Thursday, January 04, 2007

Barcelona Calling

Arch & Leap have a strange routine. They drink and listen to music when they get home from work after a long commute and consequently tend to eat late, very late. Leap controls the menu – she is a vegan, or as Maude’s father once introduced her, ‘a very severe vegetarian’. Archie relishes Leap’s cuisine at home, but lapses occasionally when out and about. Maude witnessed him eating a pork pie on a passing bus last week. The large pie obscured his face momentarily, but as he lowered the meat feast to draw breath, his cover was blown.

‘I love what Leap cooks,’ insists Arch – ‘it’s really healthy’.

We visited Arch & Leap’s cottage last night. Maude has tired of being offered nothing more in the way of hospitality than some Bombay mix, so she called in advance and told them that she would bring some food. When we arrived she handed a large pan of curry to an unusually excited Archie. His knees almost buckled under the weight, but he giggled and managed to rush through to the kitchen without spilling it. His progress wasn’t helped by various obstacles. Arch & Leap have an unorthodox approach to storage. They ‘organise’ their possessions by creating a miniature Manhattan skyline of piles of books and compact disks on the floor of their lounge, so that they are constantly reminded of what they own. One wrong move and a pile is demolished – sometimes creating a domino effect which knocks down neighbouring piles of stuff. When this occurs Arch shows remarkable agility for man of his girth and rushes to minimise the damage.

‘They’re all in order, you know!’ He exclaims. ‘That took me ages to alphabeticalise.’

In a clearing in the forest of piles there is enough space for the sofa, and the hearth. Archie lies on one side of the hearth and Leap assumes a lotus position on the other. For the festive season Leap creates a nut-cracking workshop space on her side – consisting of a tree stump and a toffee hammer.

‘Have you thought any more about shelving?’ Maude asked after we had finished our curry.

‘We’re fine,’ insisted Leap, as she smiled and whacked a walnut.

‘This way we know where everything is when we need it,' added Arch, as he glanced at his watch.

I could see that Maude was eager to point out that they were unlikely to need most of the things littering the floor in the very near future, but she resisted the urge.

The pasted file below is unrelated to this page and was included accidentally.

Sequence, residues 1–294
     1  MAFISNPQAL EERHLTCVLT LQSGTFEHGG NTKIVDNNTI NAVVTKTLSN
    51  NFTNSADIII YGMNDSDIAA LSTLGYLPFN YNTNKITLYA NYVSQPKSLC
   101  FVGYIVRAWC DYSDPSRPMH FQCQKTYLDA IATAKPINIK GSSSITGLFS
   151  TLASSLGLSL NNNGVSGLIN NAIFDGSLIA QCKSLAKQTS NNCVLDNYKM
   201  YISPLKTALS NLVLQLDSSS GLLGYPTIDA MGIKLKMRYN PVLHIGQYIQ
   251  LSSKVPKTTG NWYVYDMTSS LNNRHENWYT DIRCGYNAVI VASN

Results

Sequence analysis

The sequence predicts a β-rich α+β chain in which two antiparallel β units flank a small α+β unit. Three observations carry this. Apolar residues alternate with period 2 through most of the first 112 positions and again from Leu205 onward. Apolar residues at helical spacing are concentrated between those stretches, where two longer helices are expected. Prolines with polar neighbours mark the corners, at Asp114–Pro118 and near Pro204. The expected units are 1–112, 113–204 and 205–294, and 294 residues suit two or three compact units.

‘Anyway,’ continued Leap, ’it provides a smashing little playground….’ Leap smiled in Archie’s direction at this point.

Isn’t Archie a little long in the tooth for a ‘playground’?’

Leap shook with laughter. She mis-hit a walnut which flew across the room and bounced off Archie’s forehead.

‘Not for Arch, Silly! For Fingerbob.’


‘Yes, I keep catching Fingerbob in my mouse-catcher and releasing him out in the fields, but he keeps finding his way back to us!’

Maude looked unimpressed. ‘You have a mouse?’

‘Yes, but he is no trouble really. He is really quite entertaining. Last week he took some cinnamon sticks all the way from the kitchen cupboard to the corner of the living room.’

Maude’s eye followed Leap’s finger as it indicated a corner of the room completely obscured by the piles.

‘Quite the little adventurer.’

This created a natural pause in the conversation and Arch took the opportunity to wind his way through the area of the room devoted to his ‘alphabeticalisedcd collection to reach the bathroom. The phone rang. Maude was comfortable on the sofa. Leap was stoking the fire and gestured to me to answer the call. I eventually traced the phone behind a teetering pile of fading Sunday supplements. As I was about to lift the receiver, Archie came back into the room at speed. He had left the bathroom early after hearing the phone. His excited manner and his watch-checking all made sense now – he had been expecting a call. Archie was wearing a cardigan which was far too long for him and had the look of a frock-coat. As he bounded across the room his woollen train caught the top of one of his piles of party compilation cassettes.

As he excitedly shouted ‘That’ll be Sandy!’ and kept motoring towards to me, I watched the edifice of cassettes collapse and destabilise a neighbouring pile of Betamax videos, which in turn unsettled an orangebox of Leap’s recipe scrapbooks. Archie was undeterred by the chaos developing around him and continued on his expedition to reach the phone. His face was remarkably gleeful. He looked lustful and carefree – like a man half his age and twice his height running along a beach towards the outstretched arms of the love of his life.

(Sandy has been in Barcelona for over a year and Archie sorely misses playing a bit part in the imaginary film that Sandy casts around him.)

I could see Archie’s small hand forming to grasp the handset as his arm began to outstretch, but this movement took his attention away from holding up his trousers (as I mentioned, he left the bathroom early). Small change and a heavy tobacco tin soon had Archie’s trousers plummeting to knee level. The poor man then lost his footing and became a human torpedo – crashing through the carefully arranged music section of the pilescape and causing severe ‘de-alphabeticalisation’.

As I lifted the phone to suggest that Sandy called later, Leap unfolded her legs and went to Archie’s aid. As she abandoned her post, Fingerbob saw his chance to make off with the last walnut of the evening. Maude was already buttoning her coat.

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